Can A New Sibling Cause Sleep Regression?

With the expectation of a new baby, everyone can get caught up in the excitement of adding a new person to the family — even the other little members of your clan. Once the baby is born, everyone is basking in the specific joy of a newborn honeymoon, when everything is peachy and all feels right with the world. But after the sun sets on that phase reality sets in, and with it comes some unforeseen issues. When you're in the middle of growing your family, no one tells you how a new sibling can cause sleep regression in your other child, but it is completely possible.

The age of your child when the new baby joins the crew can be an important factor in the probability of sleep regression happening; this goes for nighttime waking as well as nap skipping and shortened nap times. As the Baby Sleep Site explained, children around the age of two are likely to have disrupted sleep patterns in the midst of big transitions, such as a new sibling being born. If you notice this happening with your little one, you may want to take a look at how your interactions and quality time with your older child has changes since the new baby came along.

According to the website for What To Expect, regressions can have an underlying meaning, such as your child wanting more of your attention. A newborn can consume a lot of your attention, so fighting to stay up with later and hang with mama may have more to do with getting extra snuggles and stories and less about a serious sleep problem. The good news in, whether you're experiencing this situation now or anticipate this happening once your baby is born, there are steps you can take to make things easier on you and your little one.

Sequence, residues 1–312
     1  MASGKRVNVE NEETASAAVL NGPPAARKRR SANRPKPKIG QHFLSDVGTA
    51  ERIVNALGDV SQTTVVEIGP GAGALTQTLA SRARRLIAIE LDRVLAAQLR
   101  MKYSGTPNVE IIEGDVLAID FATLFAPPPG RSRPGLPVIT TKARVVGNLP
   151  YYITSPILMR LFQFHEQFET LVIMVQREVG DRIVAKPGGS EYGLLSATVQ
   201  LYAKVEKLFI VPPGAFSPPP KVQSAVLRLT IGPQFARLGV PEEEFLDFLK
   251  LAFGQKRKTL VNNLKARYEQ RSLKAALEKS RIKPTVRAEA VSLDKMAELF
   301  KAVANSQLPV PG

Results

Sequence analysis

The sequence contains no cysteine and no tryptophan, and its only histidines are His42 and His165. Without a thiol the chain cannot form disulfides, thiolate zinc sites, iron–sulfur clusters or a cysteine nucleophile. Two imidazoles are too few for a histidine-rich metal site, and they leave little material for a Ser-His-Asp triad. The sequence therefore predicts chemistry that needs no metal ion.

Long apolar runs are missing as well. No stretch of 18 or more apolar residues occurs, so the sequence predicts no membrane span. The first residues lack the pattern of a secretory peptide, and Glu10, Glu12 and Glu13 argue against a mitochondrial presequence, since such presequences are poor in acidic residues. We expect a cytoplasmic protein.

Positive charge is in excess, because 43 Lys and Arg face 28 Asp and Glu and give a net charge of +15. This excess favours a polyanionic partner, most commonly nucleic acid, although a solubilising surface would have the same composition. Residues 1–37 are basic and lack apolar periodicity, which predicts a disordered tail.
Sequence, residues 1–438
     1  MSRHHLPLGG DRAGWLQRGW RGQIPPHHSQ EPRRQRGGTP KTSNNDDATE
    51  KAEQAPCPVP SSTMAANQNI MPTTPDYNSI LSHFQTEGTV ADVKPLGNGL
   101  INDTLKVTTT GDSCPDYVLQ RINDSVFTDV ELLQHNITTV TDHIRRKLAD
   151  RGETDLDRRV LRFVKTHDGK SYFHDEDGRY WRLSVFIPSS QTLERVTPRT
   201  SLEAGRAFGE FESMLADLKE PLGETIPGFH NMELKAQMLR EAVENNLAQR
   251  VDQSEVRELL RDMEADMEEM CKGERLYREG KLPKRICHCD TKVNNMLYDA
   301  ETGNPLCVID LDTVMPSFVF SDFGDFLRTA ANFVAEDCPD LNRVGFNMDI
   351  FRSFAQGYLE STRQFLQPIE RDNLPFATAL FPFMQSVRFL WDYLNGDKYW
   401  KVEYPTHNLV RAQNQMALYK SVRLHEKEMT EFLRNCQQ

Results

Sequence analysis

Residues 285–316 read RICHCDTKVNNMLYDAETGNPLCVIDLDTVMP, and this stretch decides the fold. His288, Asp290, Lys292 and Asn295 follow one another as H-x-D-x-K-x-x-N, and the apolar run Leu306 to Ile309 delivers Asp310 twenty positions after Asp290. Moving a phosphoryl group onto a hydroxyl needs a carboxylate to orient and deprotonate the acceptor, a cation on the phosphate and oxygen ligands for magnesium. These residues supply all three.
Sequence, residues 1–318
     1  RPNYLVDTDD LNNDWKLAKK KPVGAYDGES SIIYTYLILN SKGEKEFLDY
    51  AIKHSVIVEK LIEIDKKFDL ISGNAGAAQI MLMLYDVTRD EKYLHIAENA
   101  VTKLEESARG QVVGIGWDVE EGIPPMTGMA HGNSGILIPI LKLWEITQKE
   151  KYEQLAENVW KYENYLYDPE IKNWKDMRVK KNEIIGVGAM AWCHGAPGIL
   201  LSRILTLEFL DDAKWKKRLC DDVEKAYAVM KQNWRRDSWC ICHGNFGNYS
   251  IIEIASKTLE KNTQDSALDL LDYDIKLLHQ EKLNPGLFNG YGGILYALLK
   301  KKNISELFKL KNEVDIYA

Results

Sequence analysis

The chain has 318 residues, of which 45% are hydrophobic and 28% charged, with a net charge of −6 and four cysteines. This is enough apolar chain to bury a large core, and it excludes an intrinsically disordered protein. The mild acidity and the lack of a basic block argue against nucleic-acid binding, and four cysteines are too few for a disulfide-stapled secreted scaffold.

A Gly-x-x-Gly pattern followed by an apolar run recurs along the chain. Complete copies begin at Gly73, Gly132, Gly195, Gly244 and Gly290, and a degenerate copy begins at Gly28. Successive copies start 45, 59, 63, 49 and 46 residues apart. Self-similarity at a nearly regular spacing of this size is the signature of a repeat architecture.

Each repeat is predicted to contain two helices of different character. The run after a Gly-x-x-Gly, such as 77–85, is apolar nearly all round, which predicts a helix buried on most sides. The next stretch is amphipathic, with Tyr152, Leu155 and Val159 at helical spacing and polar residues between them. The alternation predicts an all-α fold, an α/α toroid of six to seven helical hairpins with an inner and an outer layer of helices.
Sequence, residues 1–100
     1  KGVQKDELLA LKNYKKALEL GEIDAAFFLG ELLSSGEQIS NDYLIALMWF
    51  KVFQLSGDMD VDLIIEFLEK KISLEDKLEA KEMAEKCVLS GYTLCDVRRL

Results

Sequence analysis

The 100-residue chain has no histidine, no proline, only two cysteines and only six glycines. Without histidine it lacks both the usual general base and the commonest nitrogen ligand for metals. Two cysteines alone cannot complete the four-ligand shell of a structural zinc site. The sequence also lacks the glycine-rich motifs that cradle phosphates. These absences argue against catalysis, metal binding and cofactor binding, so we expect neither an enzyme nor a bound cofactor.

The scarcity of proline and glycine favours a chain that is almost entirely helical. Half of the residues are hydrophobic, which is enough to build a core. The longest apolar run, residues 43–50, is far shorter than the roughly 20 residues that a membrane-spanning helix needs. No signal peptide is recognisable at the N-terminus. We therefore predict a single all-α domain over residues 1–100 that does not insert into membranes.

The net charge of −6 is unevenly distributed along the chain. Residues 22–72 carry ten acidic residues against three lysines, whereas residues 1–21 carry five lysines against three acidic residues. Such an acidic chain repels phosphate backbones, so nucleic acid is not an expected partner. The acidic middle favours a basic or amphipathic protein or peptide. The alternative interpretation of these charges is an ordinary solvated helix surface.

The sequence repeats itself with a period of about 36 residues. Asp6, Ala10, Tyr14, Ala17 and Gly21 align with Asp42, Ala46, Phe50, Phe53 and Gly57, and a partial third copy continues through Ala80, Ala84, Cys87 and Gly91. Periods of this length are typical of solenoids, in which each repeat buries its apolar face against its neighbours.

If you have already brought your new bundle home and are seeing signs of sleep regression in your other child, Kids Health suggested talking to your kids about feelings this transition may bring up and reinforcing how much you love and value them. It's also a good idea to keep in mind that when kids are still too little to express how they feel with words, they often use behavior to act out. Having that understanding in mind will help you keep perspective when you feel your patience slipping away.

Want to take steps to avoid sleep regression? You'll want to start before the baby arrives. According to Parents magazine, laying some groundwork for the changes that are about to happen in the household can lessen undesirable responses from older children. In addition to explaining how a new baby will make things different for your family, hold off on any other transitions such as potty training or changing bedrooms, or starting a new preschool or school.

No matter what your situation, if your toddler is experiencing sleep regression, you can always bounce back. Aside from making sure your child receives plenty of one-on-one time during the day, make sure to stay consistent at bedtime, as Mayo Clinic suggested. Sticking to a regular routine around the same time each night will reinforce good sleep habits for you child. Most importantly, keep in mind that this is just temporary and you can get through it.